On September 29, the United States announced that it will ship long-range counter-battery radars to Ukraine, and U.S. President Barack Obama authorized more than $20 million to provide the country with radars, bringing US security assistance to Ukraine up to $265 million, according to the article by Adrian Karatnycky published by the Atlantic Council.
"Obama's message is clear: the United States will not sacrifice Ukraine in exchange for Russian cooperation against Islamic State in Syria," reads the article.
"The announcement also shows that the United States views the current ceasefire in eastern Ukraine—in place since September 1—as an opportunity to help Ukraine upgrade its deterrent military capability. While Ukraine's request for 1,240 Javelin anti-tank missiles has gone unmet, Washington's willingness to move forward with radars sends a clear signal that the US may consider sending lethal weapons should the Minsk II process fail," the author says.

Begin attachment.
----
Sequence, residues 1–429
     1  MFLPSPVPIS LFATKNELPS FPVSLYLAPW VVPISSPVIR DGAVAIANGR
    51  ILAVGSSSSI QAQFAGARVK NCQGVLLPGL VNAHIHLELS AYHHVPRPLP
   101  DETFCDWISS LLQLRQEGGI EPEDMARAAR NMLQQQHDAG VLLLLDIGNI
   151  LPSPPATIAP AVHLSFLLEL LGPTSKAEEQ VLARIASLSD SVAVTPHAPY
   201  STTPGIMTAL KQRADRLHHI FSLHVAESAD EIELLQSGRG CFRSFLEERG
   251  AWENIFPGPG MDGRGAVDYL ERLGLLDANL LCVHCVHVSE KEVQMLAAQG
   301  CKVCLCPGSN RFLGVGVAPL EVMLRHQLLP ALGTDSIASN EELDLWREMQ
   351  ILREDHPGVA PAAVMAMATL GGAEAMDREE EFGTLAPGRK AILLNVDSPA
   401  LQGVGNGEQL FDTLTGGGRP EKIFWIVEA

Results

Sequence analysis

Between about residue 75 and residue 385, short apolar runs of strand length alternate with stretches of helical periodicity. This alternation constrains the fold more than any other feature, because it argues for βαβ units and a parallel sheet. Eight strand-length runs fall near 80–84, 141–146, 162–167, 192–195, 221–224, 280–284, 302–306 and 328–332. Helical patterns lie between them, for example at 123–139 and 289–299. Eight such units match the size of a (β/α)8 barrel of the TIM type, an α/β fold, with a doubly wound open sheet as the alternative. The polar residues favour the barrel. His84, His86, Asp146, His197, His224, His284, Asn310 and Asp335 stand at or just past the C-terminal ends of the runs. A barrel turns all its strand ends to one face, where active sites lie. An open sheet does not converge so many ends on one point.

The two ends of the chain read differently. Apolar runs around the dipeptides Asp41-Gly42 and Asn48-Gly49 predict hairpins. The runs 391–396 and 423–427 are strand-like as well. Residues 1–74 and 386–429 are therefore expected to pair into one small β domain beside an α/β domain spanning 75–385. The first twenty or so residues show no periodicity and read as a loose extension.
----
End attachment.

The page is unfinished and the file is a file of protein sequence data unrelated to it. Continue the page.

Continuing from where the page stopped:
Today, the Obama administration accepts that deterrence is the best way to maintain the "stalemate" in eastern Ukraine. "A year ago, the United States was reluctant to use military transports to ship medical and humanitarian equipment to the then-embattled country. But over time, a rising chorus of voices within the US foreign policy establishment urged the administration to arm Ukraine. Many voices within the administration have supported sending weapons to Ukraine, and Obama is belatedly moving in their direction," reads the article.
"Besides, U.S. Marines have trained Ukrainian national guardsmen, and there were supplies of Humvees, armor, communications gear, and other essential systems as well," says Karatnycky.
The author says that "the US-manufactured Q36 system—which is mobile and can be mounted on armored personnel carriers and Humvees—allows the immediate targeting of the point of origin of missiles from a range of 18 kilometers and rockets from a distance of 24 kilometers. More importantly, it enables operators to precisely locate the enemy's artillery and rocket launchers after just one shot."
These radars could help tip the balance and reduce fatalities on the Ukrainian side as 75% percent of Ukrainian fatalities are a result of artillery and missile attacks, according to the country's Defense Ministry.